• Noori Akhtar-Danesh,

    Affiliation Department of Clinical Epidemiology and Biostatistics, McMaster University, Hamilton, Ontario, Canada

  • Arnav Agarwal,

    Affiliation Faculty of Medicine, University of Toronto, Toronto, Ontario, Canada

  • Reem Al-Khalifah,

    Affiliation Division of Pediatric Endocrinology, King Saud University, Riyadh, Saudi Arabia

  • Alfonso Iorio,

    Affiliations Department of Clinical Epidemiology and Biostatistics, McMaster University, Hamilton, Ontario, Canada, Department of Medicine, McMaster University, Hamilton, Ontario, Canada

  • Gordon H. Guyatt

    Affiliations Department of Clinical Epidemiology and Biostatistics, McMaster University, Hamilton, Ontario, Canada, Department of Medicine, McMaster University, Hamilton, Ontario, Canada

Comparative Effectiveness of Phosphate Binders in Patients with Chronic Kidney Disease: A Systematic Review and Network Meta-Analysis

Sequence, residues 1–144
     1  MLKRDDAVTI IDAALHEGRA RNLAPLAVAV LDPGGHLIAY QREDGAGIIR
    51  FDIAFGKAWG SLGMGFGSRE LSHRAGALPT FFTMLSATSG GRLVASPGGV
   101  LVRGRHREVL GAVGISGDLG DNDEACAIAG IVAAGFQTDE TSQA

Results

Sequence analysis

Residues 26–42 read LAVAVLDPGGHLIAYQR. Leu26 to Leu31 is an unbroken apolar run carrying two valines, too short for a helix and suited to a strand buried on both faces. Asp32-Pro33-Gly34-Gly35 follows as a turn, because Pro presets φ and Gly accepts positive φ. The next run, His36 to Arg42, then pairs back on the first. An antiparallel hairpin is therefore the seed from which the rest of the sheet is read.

• Nigar Sekercioglu, 
  • Lehana Thabane, 
  • Juan Pablo Díaz Martínez, 
  • Gihad Nesrallah, 
  • Christopher J. Longo, 
  • Jason W. Busse, 
  • Noori Akhtar-Danesh, 
  • Arnav Agarwal, 
  • Reem Al-Khalifah, 
  • Alfonso Iorio
PLOS
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Abstract

Background

Chronic kidney disease-mineral and bone disorder (CKD-MBD) has been linked to poor health outcomes, including diminished quality and length of life. This condition is characterized by high phosphate levels and requires phosphate-lowering agents—phosphate binders. The objective of this systematic review is to compare the effects of available phosphate binders on patient-important outcomes in patients with CKD-MBD.